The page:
Tower, born in 1927, the son and grandson of Methodist ministers, grew up in Douglassville, a sleepy east Texas small town (his election to the Senate allowed him to move from Wichita Falls to Dallas). He was part of the postwar generation that left rural Texas and gravitated to the cities, to the state’s growing big-business culture (oil, banking, real estate, defense contracting, electronics), and, in many cases including Tower’s own, to Scotch and divorce. Outsiders often miss the importance in the South and Southwest of the tension between worldly sophistication and small-town roots. It may be significant that the opposition to Tower’s becoming defense secretary that really mattered came from the small-town Southern culture from which he emerged: Sam Nunn is from Perry, Georgia; Paul Weyrich of the Coalition for America, who was the first witness against Tower before the Armed Services Committee, speaks for a Moral Majority-style, largely Southern constituency; and, Tower reports, the only senators who got much voter mail opposing him were from the Bible Belt.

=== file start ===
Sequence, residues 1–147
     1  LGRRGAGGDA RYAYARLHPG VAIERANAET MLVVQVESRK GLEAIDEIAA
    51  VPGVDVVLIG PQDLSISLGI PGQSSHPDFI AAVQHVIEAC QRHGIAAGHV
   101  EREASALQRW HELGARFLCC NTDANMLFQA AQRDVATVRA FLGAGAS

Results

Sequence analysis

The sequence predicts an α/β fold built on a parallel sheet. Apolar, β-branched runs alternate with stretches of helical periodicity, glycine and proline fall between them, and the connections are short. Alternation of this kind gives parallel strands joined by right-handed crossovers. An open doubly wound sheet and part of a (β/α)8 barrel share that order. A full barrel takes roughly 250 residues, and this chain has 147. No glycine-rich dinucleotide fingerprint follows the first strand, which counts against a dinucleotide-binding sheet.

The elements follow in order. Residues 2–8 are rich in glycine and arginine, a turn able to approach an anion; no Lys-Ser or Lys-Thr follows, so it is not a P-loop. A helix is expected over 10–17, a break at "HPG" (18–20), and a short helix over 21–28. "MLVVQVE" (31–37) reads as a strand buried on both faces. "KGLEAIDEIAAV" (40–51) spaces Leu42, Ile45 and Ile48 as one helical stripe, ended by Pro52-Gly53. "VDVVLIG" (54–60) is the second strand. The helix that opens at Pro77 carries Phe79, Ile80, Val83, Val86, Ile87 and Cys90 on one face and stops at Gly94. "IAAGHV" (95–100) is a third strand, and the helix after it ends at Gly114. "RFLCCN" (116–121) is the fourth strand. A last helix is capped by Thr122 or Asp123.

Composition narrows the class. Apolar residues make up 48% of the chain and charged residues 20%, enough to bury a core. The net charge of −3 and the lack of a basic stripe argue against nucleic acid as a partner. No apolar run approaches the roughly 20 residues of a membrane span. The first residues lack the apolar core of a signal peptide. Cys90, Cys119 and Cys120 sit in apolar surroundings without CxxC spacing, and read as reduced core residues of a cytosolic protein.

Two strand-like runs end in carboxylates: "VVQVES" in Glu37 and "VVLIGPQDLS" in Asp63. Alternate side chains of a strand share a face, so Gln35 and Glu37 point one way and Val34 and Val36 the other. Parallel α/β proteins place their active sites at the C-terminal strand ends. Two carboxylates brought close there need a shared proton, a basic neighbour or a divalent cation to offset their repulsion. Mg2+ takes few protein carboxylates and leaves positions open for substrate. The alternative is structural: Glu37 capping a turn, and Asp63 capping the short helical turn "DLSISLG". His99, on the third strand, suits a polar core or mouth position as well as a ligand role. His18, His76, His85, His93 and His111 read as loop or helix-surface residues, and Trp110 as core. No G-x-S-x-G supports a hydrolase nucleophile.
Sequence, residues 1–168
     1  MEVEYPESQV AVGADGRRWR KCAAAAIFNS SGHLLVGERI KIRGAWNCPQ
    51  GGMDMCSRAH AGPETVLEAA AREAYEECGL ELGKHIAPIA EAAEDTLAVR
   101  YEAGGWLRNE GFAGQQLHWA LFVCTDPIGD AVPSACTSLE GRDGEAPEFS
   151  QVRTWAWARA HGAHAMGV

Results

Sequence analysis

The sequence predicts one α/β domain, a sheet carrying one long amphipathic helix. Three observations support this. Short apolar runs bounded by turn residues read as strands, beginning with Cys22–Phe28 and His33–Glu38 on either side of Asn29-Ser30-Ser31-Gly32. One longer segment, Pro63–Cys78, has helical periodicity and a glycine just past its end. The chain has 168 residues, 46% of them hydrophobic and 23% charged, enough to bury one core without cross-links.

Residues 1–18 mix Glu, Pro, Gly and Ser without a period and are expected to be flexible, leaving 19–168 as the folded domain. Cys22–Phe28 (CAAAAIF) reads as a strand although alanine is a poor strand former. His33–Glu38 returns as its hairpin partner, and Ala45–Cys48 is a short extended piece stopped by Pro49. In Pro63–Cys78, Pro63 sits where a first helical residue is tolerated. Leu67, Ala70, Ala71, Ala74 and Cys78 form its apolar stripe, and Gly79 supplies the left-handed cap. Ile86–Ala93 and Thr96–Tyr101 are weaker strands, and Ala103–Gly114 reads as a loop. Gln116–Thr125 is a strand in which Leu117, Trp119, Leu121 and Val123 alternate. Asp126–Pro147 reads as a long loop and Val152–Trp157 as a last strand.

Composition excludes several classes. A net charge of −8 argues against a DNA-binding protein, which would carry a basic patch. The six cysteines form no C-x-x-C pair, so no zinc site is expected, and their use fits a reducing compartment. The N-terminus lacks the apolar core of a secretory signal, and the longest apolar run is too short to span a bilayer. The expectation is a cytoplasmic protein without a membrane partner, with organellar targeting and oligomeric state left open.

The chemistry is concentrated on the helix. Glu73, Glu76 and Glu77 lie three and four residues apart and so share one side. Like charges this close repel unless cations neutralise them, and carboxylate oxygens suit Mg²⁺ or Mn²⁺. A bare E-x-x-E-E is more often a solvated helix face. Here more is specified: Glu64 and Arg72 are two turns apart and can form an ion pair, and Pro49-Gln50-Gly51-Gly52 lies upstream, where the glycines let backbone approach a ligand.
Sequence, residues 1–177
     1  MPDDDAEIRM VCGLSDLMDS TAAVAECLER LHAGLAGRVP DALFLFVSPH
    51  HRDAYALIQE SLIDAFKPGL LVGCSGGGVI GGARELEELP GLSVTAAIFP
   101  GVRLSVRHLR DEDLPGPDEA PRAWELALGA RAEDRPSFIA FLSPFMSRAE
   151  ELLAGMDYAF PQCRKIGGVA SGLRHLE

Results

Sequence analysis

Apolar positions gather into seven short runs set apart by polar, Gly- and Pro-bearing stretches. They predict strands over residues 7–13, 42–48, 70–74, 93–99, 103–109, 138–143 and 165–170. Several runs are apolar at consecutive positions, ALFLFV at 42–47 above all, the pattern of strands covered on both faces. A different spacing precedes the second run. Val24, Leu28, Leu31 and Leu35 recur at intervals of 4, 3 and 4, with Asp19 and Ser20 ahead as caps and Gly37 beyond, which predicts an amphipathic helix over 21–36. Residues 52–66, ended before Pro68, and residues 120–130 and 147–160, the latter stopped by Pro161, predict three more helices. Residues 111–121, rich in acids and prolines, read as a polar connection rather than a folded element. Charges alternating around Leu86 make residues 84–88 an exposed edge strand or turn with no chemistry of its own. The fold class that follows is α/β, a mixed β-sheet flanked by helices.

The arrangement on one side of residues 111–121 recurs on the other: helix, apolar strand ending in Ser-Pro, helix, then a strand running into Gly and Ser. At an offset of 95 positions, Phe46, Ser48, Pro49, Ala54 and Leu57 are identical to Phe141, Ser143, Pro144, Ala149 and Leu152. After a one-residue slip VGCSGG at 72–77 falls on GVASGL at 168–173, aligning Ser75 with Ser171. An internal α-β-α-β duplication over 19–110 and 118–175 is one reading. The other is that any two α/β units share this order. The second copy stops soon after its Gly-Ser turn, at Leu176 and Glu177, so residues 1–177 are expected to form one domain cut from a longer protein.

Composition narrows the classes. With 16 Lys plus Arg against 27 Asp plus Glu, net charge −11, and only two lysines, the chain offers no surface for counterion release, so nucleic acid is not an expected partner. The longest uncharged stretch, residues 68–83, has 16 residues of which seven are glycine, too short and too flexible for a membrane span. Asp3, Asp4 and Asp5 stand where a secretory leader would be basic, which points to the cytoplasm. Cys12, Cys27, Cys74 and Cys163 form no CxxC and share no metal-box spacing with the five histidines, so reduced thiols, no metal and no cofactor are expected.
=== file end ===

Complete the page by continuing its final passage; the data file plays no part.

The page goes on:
When Tower was first elected to the Senate, he was known vaguely as a Texas “right winger,” a phrase that was then understood to mean overthrowing Castro and objecting to Medicare. There was some hope in the conservative movement that he would replace Barry Goldwater as its leader. From what we know now about Tower, it is clear that this was never a real possibility, because Tower was not drawn to the purist, outsider nature of Goldwater conservatism, especially after the anti-abortion movement became a powerful force within conservatism in the 1970s. Tower, in fact, consistently refused to condemn abortion, and over time he became more sympathetic to the Washington Republican establishment than a true movement politician ever would. In 1976 he endorsed Gerald Ford rather than Ronald Reagan for president—that is, the incumbent, a Washington insider, and a moderate, against the rebellious, conservative Reagan, who was extremely popular in Texas. Reagan easily won the Texas primary, and his allies then humiliated Tower by refusing to permit him to be a delegate to the 1976 Republican National Convention. Griffin Smith, Jr., in a profile of Tower in Texas Monthly in 1977, described his slow coming to terms with the political mainstream in this way: